This past May, I traveled to Kenya, Uganda, and Tanzania to produce “Mind the Gap: Gender Equality and Trade in Africa” with a Nairobi-based film crew. As I headed off on my first official trip, I read and re-read the chapters that this film was designed to complement — all part of a fantastic new book, “Women and Trade in Africa: Realizing the Potential.” I felt very comfortable with the facts and figures — tourism in Kenya accounts for 12.5 percent of GDP; cotton is the third largest export in Uganda; small business owners are a huge part of Tanzania’s export economy, etc. — but did not fully understand the situation we were trying to explore until I met Mary.
In September 2013, four elderly sisters in Botswana were finally and definitively allowed to remain in the ancestral home where they had spent most of their lives — the result of their own tenacity and determination that a young nephew could not step in and take ownership of a property they had lovingly maintained.
This landmark decision by the highest court in Botswana, the Court of Appeal, followed five years of efforts by women’s networks and legal associations who helped the sisters bring their claim. The judges decided that customary laws favoring the rights of the youngest male heir were simply out of date.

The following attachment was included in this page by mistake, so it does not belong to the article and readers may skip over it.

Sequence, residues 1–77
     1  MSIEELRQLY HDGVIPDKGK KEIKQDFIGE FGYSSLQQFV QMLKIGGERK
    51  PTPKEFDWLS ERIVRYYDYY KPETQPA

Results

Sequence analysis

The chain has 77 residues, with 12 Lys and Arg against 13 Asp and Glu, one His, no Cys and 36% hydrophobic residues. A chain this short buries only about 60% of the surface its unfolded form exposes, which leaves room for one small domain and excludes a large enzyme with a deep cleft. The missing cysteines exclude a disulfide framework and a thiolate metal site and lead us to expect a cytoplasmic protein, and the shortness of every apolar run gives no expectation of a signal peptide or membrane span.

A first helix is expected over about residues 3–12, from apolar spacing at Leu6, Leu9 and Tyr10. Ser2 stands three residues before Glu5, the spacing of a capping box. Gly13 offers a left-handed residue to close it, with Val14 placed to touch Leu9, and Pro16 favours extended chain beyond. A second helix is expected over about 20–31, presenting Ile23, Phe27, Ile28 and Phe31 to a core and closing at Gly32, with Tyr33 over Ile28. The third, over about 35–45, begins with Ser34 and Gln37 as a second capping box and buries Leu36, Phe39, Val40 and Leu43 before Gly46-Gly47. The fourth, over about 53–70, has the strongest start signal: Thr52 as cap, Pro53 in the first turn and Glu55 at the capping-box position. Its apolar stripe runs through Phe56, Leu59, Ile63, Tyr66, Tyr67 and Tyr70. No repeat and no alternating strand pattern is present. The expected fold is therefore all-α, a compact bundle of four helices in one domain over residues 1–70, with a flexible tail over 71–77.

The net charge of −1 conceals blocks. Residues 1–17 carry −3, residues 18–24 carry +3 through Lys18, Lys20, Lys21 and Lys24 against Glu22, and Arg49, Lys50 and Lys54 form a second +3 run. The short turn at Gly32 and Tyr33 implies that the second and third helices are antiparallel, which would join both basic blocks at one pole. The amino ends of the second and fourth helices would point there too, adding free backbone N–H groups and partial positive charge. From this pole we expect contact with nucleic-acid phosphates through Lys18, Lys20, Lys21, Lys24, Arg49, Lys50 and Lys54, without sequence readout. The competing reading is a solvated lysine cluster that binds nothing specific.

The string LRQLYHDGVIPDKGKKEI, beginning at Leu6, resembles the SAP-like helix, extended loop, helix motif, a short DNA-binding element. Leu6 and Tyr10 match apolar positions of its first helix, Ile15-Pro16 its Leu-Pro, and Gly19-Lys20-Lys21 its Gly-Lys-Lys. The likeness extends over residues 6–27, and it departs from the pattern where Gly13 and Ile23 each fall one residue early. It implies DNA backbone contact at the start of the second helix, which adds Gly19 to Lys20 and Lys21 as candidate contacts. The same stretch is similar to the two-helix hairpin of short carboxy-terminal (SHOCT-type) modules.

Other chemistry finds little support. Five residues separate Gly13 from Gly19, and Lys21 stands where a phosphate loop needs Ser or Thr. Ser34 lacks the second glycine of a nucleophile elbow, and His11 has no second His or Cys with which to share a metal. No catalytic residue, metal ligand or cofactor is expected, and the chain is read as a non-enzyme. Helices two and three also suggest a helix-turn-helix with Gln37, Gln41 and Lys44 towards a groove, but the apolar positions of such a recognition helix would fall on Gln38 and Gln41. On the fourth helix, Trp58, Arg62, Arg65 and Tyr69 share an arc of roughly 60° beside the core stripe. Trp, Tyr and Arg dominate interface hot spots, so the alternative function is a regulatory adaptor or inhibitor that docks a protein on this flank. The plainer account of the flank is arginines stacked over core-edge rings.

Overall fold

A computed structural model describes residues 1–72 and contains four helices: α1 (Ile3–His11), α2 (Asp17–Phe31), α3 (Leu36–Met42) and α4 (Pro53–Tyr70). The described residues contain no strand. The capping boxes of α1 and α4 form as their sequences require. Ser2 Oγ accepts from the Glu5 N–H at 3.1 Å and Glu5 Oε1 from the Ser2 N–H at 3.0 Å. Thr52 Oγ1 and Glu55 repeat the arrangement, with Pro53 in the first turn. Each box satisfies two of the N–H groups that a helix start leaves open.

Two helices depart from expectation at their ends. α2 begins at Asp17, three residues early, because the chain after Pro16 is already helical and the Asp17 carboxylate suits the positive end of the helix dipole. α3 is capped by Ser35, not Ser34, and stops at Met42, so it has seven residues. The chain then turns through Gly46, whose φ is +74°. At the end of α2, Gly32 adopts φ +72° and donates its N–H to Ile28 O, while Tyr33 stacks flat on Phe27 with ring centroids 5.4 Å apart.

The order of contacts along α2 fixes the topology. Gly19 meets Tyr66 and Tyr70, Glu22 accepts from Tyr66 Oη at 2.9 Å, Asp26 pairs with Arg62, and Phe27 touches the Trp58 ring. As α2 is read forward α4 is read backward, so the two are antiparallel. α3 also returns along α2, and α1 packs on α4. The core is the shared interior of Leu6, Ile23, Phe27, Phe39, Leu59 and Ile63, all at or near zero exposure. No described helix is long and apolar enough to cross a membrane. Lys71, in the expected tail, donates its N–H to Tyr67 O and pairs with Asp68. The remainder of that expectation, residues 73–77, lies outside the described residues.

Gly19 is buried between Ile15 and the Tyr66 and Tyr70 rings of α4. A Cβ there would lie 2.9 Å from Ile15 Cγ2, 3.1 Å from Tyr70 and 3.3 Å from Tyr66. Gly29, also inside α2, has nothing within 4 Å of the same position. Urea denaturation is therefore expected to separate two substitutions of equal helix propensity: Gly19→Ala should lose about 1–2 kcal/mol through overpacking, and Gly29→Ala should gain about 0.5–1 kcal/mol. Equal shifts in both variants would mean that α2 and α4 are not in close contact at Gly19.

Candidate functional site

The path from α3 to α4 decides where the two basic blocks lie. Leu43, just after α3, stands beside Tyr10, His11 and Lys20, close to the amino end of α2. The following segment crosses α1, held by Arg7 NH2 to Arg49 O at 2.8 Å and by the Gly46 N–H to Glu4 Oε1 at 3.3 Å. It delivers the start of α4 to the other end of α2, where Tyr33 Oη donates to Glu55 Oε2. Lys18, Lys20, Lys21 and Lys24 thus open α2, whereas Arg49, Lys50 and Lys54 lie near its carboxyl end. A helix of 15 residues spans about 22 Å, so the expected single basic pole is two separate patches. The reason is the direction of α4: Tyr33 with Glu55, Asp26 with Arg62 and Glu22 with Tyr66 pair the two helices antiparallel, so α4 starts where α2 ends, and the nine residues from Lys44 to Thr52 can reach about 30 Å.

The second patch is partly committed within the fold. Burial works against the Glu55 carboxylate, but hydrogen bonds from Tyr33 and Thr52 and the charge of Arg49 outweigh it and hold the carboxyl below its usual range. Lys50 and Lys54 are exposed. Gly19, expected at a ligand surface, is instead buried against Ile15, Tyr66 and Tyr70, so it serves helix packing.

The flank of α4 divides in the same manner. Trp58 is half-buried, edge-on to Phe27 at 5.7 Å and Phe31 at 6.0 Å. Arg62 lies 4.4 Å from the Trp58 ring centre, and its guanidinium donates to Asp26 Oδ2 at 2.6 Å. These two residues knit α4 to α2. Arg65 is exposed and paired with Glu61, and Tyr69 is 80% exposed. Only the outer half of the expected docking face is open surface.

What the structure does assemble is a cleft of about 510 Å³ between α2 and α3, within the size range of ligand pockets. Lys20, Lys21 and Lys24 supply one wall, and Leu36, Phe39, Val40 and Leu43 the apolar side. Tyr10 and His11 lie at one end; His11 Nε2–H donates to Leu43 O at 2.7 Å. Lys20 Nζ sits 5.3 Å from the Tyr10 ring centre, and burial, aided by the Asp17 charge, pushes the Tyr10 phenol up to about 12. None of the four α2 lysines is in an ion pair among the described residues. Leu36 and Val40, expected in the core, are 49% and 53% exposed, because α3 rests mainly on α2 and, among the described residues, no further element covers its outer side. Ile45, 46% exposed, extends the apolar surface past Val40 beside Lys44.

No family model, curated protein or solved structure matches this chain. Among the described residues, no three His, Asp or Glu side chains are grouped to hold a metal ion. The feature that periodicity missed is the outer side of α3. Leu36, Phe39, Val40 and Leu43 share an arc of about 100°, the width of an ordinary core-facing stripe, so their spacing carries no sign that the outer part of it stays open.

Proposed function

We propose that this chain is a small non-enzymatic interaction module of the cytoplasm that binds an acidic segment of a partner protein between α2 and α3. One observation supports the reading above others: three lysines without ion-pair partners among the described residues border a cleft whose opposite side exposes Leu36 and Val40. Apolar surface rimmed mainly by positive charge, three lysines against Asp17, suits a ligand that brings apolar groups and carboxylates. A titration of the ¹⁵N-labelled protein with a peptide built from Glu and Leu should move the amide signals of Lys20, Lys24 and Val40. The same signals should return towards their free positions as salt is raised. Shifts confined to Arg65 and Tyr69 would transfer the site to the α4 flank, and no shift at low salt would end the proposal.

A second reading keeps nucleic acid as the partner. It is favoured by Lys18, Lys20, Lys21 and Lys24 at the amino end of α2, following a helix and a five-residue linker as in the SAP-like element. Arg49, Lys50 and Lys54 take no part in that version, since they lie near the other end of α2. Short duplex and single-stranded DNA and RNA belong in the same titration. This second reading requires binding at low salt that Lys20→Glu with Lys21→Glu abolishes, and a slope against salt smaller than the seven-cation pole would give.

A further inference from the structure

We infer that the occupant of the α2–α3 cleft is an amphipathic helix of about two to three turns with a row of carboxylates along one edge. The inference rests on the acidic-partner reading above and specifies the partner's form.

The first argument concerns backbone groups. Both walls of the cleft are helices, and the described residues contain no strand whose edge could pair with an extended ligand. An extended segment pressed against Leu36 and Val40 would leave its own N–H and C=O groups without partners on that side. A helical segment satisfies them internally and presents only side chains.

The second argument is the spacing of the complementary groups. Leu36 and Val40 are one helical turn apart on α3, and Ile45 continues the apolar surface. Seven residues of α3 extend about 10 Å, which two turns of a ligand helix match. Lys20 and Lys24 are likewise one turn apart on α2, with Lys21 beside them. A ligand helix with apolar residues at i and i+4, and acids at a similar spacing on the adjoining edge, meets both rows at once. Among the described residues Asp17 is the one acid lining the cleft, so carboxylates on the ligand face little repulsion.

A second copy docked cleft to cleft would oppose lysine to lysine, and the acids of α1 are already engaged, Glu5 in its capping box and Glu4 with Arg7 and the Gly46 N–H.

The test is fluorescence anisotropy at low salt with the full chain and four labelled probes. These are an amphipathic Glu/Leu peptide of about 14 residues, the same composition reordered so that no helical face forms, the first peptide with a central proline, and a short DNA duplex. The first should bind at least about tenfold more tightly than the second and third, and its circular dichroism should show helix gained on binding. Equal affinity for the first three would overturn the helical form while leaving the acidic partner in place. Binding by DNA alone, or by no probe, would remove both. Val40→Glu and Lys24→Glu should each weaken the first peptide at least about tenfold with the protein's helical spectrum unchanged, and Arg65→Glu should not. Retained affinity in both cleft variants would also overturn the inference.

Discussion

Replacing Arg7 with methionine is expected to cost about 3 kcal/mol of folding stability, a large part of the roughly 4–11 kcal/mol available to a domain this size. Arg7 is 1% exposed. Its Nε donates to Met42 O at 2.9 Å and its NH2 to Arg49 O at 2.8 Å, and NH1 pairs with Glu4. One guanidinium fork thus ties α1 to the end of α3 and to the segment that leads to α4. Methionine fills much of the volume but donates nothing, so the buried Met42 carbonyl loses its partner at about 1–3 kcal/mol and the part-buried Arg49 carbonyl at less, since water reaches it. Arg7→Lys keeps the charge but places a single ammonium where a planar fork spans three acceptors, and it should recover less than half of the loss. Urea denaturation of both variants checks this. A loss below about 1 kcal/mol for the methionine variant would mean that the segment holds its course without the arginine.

“The Constitutional values of equality before the law and the increased leveling of the power structures with more and more women heading households and participating with men as equals in the public sphere and increasingly in the private sphere demonstrate that there is no rational and justifiable basis for sticking to the narrow norms of days gone by when such norms go against current value systems,” wrote Justice Lesetedi of the Botswana Court of Appeal.
The reform of discriminatory laws can lead to transformative change.
This week I had the pleasure of attending Women Deliver 2013 in Kuala Lumpur, Malaysia — the largest global gathering of the decade to focus on the health and well-being of girls and women. The conference convened several thousand people from 140 countries — including many ministers and parliamentarians — to generate momentum and political commitment for girls’ and women’s rights and reproductive health.
We heard the voices of the wealthy and powerful — like Melinda Gates and Chelsea Clinton — as well as the voices that too often go unheard — including young people, sexual minorities, widows, women with disabilities, and women living with HIV and AIDS. I was really inspired by the passion of all the participants — of whom, by the way, 40% were male, quite a high proportion for gender events — and was reminded that the safe and healthy experience I had having my own kids is so far from the reality of many millions of women around the world.